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Government Officials Secretly Planned a Tyson Plant in Kansas. But Then the Town of Tonganoxie Heard About It

On September 5, Kansas’ Republican Governor Sam Brownback, together with poultry processor Tyson Foods, Inc. announced a plan to build a $320 million chicken complex near Tonganoxie, Kansas. The business, they said, would employ about 1,600 people (Tonganoxie’s population barely tops 5,000, according to the community’s website) and contract with nearby Kansas farmers to raise the birds. By mid-2019, the plant would be selling hatchlings and feed to its farmers, buying back the grown chickens, slaughtering the birds, and packaging their meat into neat plastic-wrapped styrofoam containers as ready-to-roast breasts, thighs, and wings. It’d be a perfect circle, pumping out 1.25 million birds per week in a never-ending loop. What could go wrong?

The announcement shocked residents of Tonganoxie and surrounding Leavenworth County. “It was announced as if it was a done deal, and no one in the community had heard anything about this,” says Anne Brockhoff, a freelance journalist who is volunteering her time for Citizens Against Project Sunset (CAPS), a group of people opposed to Tyson’s new complex. “A project of this type has never even been floated.”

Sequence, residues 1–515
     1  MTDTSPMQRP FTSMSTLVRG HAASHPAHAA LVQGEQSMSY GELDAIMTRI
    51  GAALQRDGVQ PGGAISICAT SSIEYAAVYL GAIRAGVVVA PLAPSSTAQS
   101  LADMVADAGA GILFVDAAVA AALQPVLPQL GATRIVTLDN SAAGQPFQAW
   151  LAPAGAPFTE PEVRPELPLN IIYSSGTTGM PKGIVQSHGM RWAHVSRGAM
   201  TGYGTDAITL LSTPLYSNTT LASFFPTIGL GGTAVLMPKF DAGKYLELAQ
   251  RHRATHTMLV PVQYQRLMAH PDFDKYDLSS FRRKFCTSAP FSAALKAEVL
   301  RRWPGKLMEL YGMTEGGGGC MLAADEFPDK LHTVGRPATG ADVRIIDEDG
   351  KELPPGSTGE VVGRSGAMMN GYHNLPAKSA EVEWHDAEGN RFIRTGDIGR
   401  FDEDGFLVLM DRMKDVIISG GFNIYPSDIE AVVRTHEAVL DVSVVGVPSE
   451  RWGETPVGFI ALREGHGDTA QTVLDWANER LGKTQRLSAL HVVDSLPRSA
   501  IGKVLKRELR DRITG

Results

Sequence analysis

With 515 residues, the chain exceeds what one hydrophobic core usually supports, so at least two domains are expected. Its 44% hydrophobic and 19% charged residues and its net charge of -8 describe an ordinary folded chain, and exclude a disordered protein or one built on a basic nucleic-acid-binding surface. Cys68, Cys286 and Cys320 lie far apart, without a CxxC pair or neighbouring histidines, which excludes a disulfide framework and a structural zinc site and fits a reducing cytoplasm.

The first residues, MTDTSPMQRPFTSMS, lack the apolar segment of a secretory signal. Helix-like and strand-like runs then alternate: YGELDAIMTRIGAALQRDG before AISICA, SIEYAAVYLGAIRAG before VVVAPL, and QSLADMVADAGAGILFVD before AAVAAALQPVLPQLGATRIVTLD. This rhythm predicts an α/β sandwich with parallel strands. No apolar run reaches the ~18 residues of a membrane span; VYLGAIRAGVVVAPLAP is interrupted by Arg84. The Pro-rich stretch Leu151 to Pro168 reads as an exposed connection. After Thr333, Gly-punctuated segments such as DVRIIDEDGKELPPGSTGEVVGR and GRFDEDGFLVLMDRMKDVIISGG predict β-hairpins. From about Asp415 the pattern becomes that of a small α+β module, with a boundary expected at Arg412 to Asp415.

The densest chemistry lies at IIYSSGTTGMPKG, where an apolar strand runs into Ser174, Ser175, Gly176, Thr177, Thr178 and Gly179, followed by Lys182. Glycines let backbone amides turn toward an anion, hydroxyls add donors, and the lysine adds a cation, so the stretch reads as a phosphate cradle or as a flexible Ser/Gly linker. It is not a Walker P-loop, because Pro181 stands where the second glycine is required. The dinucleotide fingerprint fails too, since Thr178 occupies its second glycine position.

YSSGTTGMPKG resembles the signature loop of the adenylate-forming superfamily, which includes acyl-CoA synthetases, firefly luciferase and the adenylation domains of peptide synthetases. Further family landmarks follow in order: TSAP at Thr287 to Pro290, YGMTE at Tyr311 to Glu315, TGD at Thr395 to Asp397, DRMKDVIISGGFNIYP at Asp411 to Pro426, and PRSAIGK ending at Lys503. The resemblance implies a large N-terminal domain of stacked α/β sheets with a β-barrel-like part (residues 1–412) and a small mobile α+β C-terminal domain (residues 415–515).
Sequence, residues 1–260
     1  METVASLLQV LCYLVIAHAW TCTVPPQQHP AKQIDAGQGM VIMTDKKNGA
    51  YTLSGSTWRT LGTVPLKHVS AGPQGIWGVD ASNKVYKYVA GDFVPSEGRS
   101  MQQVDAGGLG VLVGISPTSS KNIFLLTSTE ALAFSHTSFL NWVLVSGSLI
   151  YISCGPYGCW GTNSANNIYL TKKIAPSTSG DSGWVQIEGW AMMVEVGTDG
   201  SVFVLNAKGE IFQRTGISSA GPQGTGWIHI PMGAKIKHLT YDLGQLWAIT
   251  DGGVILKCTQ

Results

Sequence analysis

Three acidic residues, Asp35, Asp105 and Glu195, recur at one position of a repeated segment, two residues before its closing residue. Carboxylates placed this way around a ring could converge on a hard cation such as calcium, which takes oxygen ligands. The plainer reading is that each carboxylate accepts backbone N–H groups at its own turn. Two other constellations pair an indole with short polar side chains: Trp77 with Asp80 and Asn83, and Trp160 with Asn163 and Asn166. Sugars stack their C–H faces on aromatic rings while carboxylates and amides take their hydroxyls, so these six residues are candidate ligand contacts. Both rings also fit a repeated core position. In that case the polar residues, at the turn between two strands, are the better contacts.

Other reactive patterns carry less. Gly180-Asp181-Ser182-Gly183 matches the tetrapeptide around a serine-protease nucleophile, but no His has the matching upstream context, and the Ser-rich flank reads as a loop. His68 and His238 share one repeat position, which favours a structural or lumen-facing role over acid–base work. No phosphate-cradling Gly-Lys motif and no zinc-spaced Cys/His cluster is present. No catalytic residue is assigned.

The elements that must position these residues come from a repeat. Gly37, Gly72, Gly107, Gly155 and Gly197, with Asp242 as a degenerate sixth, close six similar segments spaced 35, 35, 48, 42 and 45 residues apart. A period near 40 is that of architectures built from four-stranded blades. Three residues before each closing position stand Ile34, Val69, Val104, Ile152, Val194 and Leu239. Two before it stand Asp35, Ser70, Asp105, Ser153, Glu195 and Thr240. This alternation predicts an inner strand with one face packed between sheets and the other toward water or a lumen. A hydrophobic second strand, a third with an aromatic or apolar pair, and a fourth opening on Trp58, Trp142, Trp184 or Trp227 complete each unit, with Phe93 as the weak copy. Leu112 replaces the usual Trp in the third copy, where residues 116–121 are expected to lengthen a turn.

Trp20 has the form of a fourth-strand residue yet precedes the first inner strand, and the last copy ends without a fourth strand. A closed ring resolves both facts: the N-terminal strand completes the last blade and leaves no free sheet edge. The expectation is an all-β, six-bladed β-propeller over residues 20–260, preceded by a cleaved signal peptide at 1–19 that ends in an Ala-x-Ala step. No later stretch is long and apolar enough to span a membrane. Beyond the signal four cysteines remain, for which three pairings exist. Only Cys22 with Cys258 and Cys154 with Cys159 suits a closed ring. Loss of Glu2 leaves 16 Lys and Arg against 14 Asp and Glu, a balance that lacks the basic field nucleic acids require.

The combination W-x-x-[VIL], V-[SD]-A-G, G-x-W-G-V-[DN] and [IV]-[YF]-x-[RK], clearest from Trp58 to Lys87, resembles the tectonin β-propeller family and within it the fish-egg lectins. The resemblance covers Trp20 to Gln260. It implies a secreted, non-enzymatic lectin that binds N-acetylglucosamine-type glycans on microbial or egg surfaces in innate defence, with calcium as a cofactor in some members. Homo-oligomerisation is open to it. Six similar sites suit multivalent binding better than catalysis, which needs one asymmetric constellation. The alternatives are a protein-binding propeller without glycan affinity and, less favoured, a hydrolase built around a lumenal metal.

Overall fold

City and county officials had signed nondisclosure agreements during initial negotiations with Tyson, a process that is not uncommon when corporations are exploring options for siting new facilities. But Brockhoff says the Leavenworth County Commission also made plans to issue $500 million in industrial revenue bonds—tax-exempt loans issued by a state or local government to finance a private company’s expansion—to Tyson before those plans were made public. As the Topeka Capital-Journal reports, county officials also said at the September 5 announcement that they had committed $7.4 million to extend utilities to the site and the city planned to pay $1.2 million to link sewer lines to the Tyson plant. “They were making decisions [on behalf of taxpayers] while still having to abide by this non-disclosure agreement,” Brockhoff says. “That’s what really took people aback.” She added that even the owners of the land designated for the new facilities were caught by surprise. “The sellers did not know it was Tyson. The land was being purchased under a real estate group.”

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